NBAA Conference Focuses on Cybersecurity

Defending against cyber intrusions is a key security concern for business aviation, attendees at the National Business Aviation Association Security Conference in Dallas were told recently. Much sensitive information is transferred through satellite communication systems on business aircraft, and to protect that data the onboard systems should be configured to allow only certain portable devices operated by the passengers and crew to access the network, according to Keith Turpin, chief information security officer with Universal Weather & Aviation.  

Doug Young, Gogo’s vice president for software architecture, noted that many larger flight departments have added information technology specialists to help harden their systems against cyber attacks. He also warned that users shouldn’t be lulled into a false sense of security when using a VPN.

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Being in the air does not protect the aircraft from cyber threats coming from the ground.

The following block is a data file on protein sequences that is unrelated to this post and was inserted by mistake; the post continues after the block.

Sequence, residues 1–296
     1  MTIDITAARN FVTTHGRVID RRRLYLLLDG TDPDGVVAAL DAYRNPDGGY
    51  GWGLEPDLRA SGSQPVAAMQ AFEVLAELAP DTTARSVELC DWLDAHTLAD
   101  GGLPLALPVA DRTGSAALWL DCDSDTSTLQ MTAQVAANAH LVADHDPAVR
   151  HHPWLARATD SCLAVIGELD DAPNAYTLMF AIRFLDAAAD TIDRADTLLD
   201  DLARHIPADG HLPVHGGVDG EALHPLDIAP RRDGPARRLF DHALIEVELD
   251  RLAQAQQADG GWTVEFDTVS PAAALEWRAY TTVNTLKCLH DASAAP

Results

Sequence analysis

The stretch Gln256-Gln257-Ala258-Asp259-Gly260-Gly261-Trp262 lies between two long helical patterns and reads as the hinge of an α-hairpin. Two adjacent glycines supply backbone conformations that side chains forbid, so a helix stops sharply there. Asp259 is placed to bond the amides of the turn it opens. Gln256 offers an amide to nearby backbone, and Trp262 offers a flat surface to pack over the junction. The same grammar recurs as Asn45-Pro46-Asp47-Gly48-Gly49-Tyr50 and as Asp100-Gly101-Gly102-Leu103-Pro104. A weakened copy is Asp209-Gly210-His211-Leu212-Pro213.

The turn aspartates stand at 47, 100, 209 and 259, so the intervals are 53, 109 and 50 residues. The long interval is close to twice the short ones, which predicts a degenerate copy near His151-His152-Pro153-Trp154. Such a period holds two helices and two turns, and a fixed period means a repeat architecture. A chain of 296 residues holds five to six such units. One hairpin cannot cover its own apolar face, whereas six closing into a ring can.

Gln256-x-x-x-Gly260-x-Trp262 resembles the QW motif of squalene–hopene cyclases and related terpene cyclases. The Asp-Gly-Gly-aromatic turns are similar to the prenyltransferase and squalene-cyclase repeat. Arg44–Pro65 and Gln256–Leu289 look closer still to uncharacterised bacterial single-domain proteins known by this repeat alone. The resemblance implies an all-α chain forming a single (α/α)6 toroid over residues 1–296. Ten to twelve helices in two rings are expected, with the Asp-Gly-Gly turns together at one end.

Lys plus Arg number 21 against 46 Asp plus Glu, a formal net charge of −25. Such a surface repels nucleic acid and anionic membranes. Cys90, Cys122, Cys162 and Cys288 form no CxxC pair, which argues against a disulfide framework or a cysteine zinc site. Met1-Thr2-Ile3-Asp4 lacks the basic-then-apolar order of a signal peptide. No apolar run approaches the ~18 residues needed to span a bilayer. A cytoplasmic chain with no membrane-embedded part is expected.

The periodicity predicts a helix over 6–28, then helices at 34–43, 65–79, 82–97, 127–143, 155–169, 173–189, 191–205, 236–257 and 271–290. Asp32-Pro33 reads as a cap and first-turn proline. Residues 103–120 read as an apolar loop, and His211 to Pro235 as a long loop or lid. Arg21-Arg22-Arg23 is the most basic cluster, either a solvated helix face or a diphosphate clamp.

Young suggested that flight departments perform threat assessments for all the types of traffic that their passengers might conduct in the back of the aircraft, as different activities may have different risk-mitigation techniques. Another trend he has noted is flight departments and company IT departments performing their own vulnerability studies of vendor equipment. Regarding air-to-ground data transfer, over areas such as Russia and China, flight departments should assume that the system is compromised and refrain from transmitting sensitive materials, Young advised.